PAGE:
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Julien Desroy shared the details of his Samus Aran from Metroid fanart with a touch of Overwatch style. Software used: ZBrush, Substance Painter, Marmoset Toolbag.
Also, make sure to check out our first interview with Julien in which he talked about another his stunning character:
Changes in Life
More than two years have passed since we’ve last spoken! I’ve been quite busy lately, especially on the professional side. I was lucky to work on some very cool projects but I can’t tell anything yet. Aside from that, I did some smaller personal projects and participated in the Сubebrush challenge.
Samus Aran Project
It’s been a while since I wanted to make a fanart of Samus Aran. I love Nintendo games and, of course, Metroid. On top of that, I wanted to learn more about hard-surface modeling, so naturally, I couldn’t miss the opportunity. As usual, I decided to approach the project with a lot of references (never underestimate the power of references). The main idea was to get more or less the Overwatch stylization while keeping sort of my touch.
Shapes & Details
I’ve started working on the sculpt without any 2D concepts and ended up spending quite some time on looking for design solutions. It was mainly blocking the shapes in ZBrush using DynaMesh and ZModeler brush and analyzing what works and what doesn’t in term of simple shapes. The goal here is to find a good balance between those shapes and details (spheres for the shoulders, helmet and the hips, squares & triangles for the rest of the body). It’s all about contrast, not only in terms of colors but shapes and details as well.
Crafting the Armor Details
The process was a mix of DynaMesh / ZModeler & Retopo brush / Masking and Polygroups. It’s tricky to explain with words so I’ll let the pictures speak for themselves
I’m a big fan of Blizzard and, of course, Overwatch, so it was my goal to achieve a Blizzard look. For the head and body parts, I started to work from a classic basemesh low poly. I really like starting to work on something very low in terms of polygons density as it gives me a lot of flexibility on my brushes when it comes to building primary and secondary shapes. The eyebrows are a simple extract from the head mesh using a mask. Then, I’m using orb brushes (made by Michael Vicente) for the smalls cuts. A couple of HPolish brush here and there and that’s it. Nothing fancy.
Painting the Suit
I painted the suit in Substance Painter. My friend Roman Durand helped me and gave a few pieces of advice on how to do the materials, so I started to set up regular materials without any worries about where to apply them.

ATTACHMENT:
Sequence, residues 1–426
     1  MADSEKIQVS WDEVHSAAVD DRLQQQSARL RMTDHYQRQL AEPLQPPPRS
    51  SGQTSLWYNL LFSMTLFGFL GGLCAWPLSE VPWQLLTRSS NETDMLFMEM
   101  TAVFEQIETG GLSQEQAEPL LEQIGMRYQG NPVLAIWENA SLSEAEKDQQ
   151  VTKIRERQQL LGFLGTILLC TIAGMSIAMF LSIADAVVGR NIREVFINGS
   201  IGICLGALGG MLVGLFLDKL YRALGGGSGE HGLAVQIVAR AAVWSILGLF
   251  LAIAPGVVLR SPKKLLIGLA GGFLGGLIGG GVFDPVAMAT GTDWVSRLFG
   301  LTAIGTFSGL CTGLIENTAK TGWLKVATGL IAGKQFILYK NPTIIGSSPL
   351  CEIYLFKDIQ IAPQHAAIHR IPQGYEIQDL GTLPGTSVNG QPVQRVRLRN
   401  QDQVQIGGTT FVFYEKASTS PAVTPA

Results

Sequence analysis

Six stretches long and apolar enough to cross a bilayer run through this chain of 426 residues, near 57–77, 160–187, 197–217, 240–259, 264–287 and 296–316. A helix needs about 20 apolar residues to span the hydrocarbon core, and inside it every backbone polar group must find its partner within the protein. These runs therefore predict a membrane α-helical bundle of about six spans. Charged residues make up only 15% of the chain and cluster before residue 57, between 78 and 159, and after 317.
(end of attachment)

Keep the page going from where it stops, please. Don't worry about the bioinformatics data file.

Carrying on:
As for the process, first I pick up a color and set up the roughness and metallic value depending on the type of material. Then I add an AO to the color, a dirt map (basically a cavity map) affecting the colors & roughness, a curvature map for the edges, and finally, I add a noise map I made with squares brushes in Photoshop. I do that for my main materials (carbons/metal/leathers/painted areas), save and use them on the parts I want. Now I can easily switch between materials and apply them where I want. When I’m happy with the overall setting, I add a gradient (using the position map), scratches or decals and other smaller details.
The glowing effect is a simple emissive map I made Substance Painter using gradients. And then a little of compositing into Marmoset & Photoshop for the glow.
When I was working on the texturing/shading, I tried to work with the most neutral lighting. I usually set up classic 3-points lights in Marmoset (key/fill and rim light), all white, and from that, I can see how the materials behave. Once I’m happy with the texturing and shading, I can have some fun with the lighting and go a little bit crazier with it. I ended up with 2 kinds of lighting: one very neutral and straightforward in which we can see the whole character and one is a bit more… let’s say “sci-fi”.
It’s hard to say how long the whole project took me to complete it. It’s been 1 year since I’ve started to work on this character. At some point, I got stuck looking for something “cool” in terms of design. I took a couple of breaks and worked on some others things meanwhile. Each time, I came back with fresh eyes and saw the parts that didn’t work. I’m also lucky to have good friends who gave me feedback and pieces of advice, it was very helpful (shout out to them!)
The biggest challenge here was the design itself. It can be really tricky to work without a 2D concept. References and fresh eyes (yours and other viewers’) are a way to solve this problem. Also, don’t try too hard when you get stuck. Take a break and come back to the project later or ask someone to take a look at it and listen to what they think about it.
If you found this article interesting, below we are listing a couple of related Unity Store Assets that may be useful for you.